Everything You Need To Know About Your Child’s Chest Physiotherapy


Chest PT is meant for the flow of fluid or mucus in the lungs. It helps transfer mucus to the wider airways where it can be coughed or sucked out by clapping on the chest and positioning your child.

Depending on the needs of your child, Chest Physiotherapy is typically performed every eight to 12 hours. If required, it can be done more frequently.

The morning before your child has eaten breakfast is an excellent time to do Chest PT. This will remove the secretions that have built up and clear his lungs throughout the night so that he can start his day.

Right before your child goes to bed, there is another pleasant moment. This gets your child ready for a restful night.

Getting ready for your child to do chest PT

By relaxing your shoulders, arms and wrists, brace yourself. Cup your palms, and hold together your thumb and fingertips. Proper hand position is critical; it will provide an air cushion between your hand and your child’s chest. Chest PT will not be as productive if you keep your hands flat, and you will hurt your child.

Chest PT is achieved by clapping the child’s chest crisply, yet softly. It’s intended to make a ‘clopping’ sound. A tool called a percussion hammer can be used for small children.

How your child should be positioned for chest PT

Ask the physiotherapist for your child about positioning your child. Your child should be seated, if possible, with his head lowered. The force of gravity tends to attract the secretions in this position to the broader, upper airways where they can be coughed or sucked out. It may help position your child with his head lowered over your lap (if your child is small) or put him in bed with the head of the bed lowered.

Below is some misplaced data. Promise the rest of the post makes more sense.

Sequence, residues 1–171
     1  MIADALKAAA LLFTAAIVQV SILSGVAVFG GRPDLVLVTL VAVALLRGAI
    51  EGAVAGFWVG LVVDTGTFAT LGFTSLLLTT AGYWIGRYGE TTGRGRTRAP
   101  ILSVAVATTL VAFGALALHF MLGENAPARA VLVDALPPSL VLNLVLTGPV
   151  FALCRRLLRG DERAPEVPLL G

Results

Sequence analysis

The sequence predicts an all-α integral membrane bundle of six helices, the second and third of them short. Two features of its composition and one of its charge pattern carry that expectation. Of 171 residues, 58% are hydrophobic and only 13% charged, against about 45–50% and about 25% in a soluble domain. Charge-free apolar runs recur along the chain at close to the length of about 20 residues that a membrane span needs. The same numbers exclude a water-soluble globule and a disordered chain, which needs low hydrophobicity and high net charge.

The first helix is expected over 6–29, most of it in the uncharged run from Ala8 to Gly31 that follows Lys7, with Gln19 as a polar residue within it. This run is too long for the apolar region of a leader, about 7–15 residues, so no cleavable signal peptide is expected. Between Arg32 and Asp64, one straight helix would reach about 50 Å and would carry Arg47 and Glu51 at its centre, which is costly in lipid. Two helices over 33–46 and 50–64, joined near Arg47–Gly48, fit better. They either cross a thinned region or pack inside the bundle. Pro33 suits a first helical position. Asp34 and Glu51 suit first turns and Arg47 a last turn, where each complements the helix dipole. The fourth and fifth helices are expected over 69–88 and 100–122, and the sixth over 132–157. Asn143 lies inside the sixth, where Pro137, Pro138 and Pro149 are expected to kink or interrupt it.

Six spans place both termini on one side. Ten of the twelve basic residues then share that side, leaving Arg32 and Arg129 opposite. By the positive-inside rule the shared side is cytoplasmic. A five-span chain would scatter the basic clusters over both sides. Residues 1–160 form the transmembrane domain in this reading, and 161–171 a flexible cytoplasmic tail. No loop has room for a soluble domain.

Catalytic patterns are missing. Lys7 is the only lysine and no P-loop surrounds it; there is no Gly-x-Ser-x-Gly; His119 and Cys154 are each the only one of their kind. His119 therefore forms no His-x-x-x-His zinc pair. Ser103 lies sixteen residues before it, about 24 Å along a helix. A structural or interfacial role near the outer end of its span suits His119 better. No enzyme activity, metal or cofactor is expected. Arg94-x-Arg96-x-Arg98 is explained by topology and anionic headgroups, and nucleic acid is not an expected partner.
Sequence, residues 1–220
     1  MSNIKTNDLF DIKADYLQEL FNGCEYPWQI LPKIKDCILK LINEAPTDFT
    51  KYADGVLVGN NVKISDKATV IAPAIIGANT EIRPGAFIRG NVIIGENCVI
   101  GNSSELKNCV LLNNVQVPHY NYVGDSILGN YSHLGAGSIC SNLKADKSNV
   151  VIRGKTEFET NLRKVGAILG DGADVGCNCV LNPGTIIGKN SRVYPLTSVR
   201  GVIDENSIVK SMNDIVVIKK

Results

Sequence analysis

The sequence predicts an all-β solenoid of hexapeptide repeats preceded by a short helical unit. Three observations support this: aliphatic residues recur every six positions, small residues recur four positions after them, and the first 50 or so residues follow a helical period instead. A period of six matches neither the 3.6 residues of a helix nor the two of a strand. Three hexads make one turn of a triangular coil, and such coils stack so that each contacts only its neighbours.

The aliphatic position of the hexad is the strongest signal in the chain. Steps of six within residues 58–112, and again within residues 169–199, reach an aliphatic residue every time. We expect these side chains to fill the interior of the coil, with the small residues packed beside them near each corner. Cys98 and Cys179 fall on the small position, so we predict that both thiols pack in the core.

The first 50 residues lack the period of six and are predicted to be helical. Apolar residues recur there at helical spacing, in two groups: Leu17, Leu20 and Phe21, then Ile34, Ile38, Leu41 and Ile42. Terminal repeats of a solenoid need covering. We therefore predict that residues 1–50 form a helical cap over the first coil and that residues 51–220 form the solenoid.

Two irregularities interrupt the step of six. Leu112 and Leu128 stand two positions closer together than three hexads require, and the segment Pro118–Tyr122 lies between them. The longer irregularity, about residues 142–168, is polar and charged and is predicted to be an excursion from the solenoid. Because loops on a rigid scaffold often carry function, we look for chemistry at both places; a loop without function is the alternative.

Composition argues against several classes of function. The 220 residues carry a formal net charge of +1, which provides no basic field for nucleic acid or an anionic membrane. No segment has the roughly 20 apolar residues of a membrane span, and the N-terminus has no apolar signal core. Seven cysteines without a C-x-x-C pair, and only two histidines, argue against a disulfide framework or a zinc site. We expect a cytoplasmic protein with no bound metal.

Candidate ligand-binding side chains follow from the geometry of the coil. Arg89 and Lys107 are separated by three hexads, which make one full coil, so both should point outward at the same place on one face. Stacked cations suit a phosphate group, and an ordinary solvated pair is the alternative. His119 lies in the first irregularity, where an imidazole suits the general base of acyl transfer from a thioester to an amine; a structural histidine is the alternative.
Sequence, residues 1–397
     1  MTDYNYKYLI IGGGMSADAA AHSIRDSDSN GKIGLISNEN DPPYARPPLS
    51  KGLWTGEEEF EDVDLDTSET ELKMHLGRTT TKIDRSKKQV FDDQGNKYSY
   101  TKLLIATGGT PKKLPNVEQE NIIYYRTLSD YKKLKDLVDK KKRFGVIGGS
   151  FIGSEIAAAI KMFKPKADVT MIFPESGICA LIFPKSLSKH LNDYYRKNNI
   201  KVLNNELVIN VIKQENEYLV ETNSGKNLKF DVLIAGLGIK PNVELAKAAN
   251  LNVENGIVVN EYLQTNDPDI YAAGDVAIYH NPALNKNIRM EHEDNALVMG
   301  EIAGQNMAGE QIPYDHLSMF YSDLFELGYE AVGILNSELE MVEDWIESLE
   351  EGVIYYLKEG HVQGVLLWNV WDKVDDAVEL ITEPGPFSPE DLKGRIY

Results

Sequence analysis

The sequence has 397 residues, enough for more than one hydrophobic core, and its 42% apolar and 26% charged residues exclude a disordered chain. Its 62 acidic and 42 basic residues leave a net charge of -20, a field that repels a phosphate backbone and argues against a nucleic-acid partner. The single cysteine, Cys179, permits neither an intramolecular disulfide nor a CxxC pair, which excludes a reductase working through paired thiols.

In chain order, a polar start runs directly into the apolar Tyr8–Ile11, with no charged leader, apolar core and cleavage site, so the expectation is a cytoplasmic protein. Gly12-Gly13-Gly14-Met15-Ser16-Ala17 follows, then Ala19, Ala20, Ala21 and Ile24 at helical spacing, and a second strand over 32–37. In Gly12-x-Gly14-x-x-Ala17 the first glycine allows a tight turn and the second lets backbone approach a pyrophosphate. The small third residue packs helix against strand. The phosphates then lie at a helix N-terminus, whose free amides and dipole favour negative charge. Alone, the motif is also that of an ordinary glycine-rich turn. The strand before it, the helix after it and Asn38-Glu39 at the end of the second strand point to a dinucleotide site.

To provide some cushioning, a light blanket or baby blanket might be used. If the chest PT is performed right, your child will not be injured. Actually, during the procedure, several kids fall asleep.

Where am I expected to do chest PT?

For Chest PT, there are six primary areas: right front, right back, right hand, left front, left-back, left side. Underneath the ribs, the lungs are found. Be careful not to do Chest PT below the ribs, which could harm your child’s kidneys, liver, or spleen. At least one inch above the ribs, the hand should still be clapping. Also, try not to “clap” on the collarbone, shoulder blades, backbone or sternum of your kid (the bone that runs down the front of the chest).

How long am I supposed to perform chest PT?

Always watch your child closely for signs of trouble breathing while you are doing chest PT, such as:

  1. Coughing 
  2. hard breathing
  3. Colour of bluish around the lips
  4. Increased rate of breathing

Sit him or her up until the coughing ceases if your child starts coughing. If he doesn’t have any breathing problems, reposition your child and finish clapping.

Many secretions or a “plug,” that may cause your child to have difficulty breathing may be loosened by good chest PT. If this happens, then let him take a little rest by sucking your child or making him cough into a tissue. During the remainder of the chest PT, watch your child closely. Suction, or if necessary, make him cough again.